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August 6, 2003

Hot for Teacher

Daniel Radosh

I just caught a screening of The School of Rock, the new comedy (due October) starring Jack Black, written by Mike White, and directed by Richard Linklater. And since I know you want to know what that combination cooked up, here's my 5-minute review. Post a link on all your favorite Jack Black fan boards.

Anyone who loves Tenacious D or who caught Jack Black's scene stealing in High Fidelity and Jesus' Son — and then suffered through Shallow Hal, Saving Silverman, or the trailer for Envy— has been waiting a long time for someone to give him his own movie that doesn't suck. The School of Rock is that movie.

JB fans won't be disappointed, and audiences discovering him for the first time (this movie is gonna be aimed wide), will be hooked by the first scene, which starts with a classic JB rock god guitar solo and ends with a hilarious and perfectly-timed bit of slapstick. What's not to love?

And yet...

School of Rock is one seriously square entertainment product. Mike White's trademarked idiosyncrasies are nowhere to be found in the script. The dialogue is funny enough (much of it feels ad-libbed) but the plot is the most play-it-safe by-the-numbers piece of hackwork I've seen in ages. You can practically figure it out from the title, but very quickly: JB gets kicked out of his loser rock band and his substitute-teacher roommate (White) and his roomie's girlfriend (the great Sarah Silverman, utterly wasted in a one-note role) threaten to kick him out of the apartment if he can't pay the rent. So when JB takes a call for his roomie about a teaching job, he decides to pretend to be him and ends up faking his way through a job at, wait for it, a snobby prep school, where, wait for it, he transforms the stiff kids into a rockin' band while they, still waiting?, teach him what's really important in life.

I wish I was kidding.

Now if you're going to have a plot like this, the only way to direct it is crisp and businesslike, so the movie doesn't get in the way of the jokes. In other words, you don't hire Richard Linklater, whose familiar shabby chic style fights against the story, making it seem even creakier than it needs to, especially in the most predictable first act, which feels way too long. Linklater's style is good when he's just letting JB do his JB thing, but wrong everywhere else.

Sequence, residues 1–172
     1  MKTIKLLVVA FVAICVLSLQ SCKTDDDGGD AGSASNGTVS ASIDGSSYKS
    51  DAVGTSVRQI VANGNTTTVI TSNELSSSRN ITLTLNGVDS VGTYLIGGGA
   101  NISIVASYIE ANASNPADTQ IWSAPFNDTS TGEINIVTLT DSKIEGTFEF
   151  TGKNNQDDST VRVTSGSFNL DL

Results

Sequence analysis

Even given the basic plot outlines, School of Rock could have been much, much better than it is. The kids are completely two-dimensional. There's a shy one, a nerdy one, a rebel, a prim and proper brownnoser. You see more realistic 10-year-olds in the average breakfast cereal commercial. Plus, we're supposed to believe that there are any kids today who have basically never heard of rock and roll and have no interest it (or in, say, hip-hop, which, for the purposes of this movie, does not exist). The funniest concept in the movie (as opposed to the shtick, which is all pretty funny) is probably unintentional: JB thinks he's showing the kids how to be cool, but his classic rock taste is embarrassingly out of date. And there's no reason for it. Giving the kids a spark of genuine tween angst -- something that would make them WANT to unleash the rock -- would have simply made this a better movie. (As would an R rating. JB's songs just aren't as funny without all the bad language.)

There's also a subplot involving the school principal that's useless, except for the fact that she's played by Joan Cusack, who is, as always, amazing.

I enjoyed School of Rock, but I wish it had been more than just enjoyable. No doubt Linklater is shooting for his first mainstream hit. He'll probably get it, but it's too bad he didn't want to make a Linklater film instead. Imagine setting JB's wild man loose among the self-conscious pontificators of Waking Life or Slackers. Now that's a set up for a great film.

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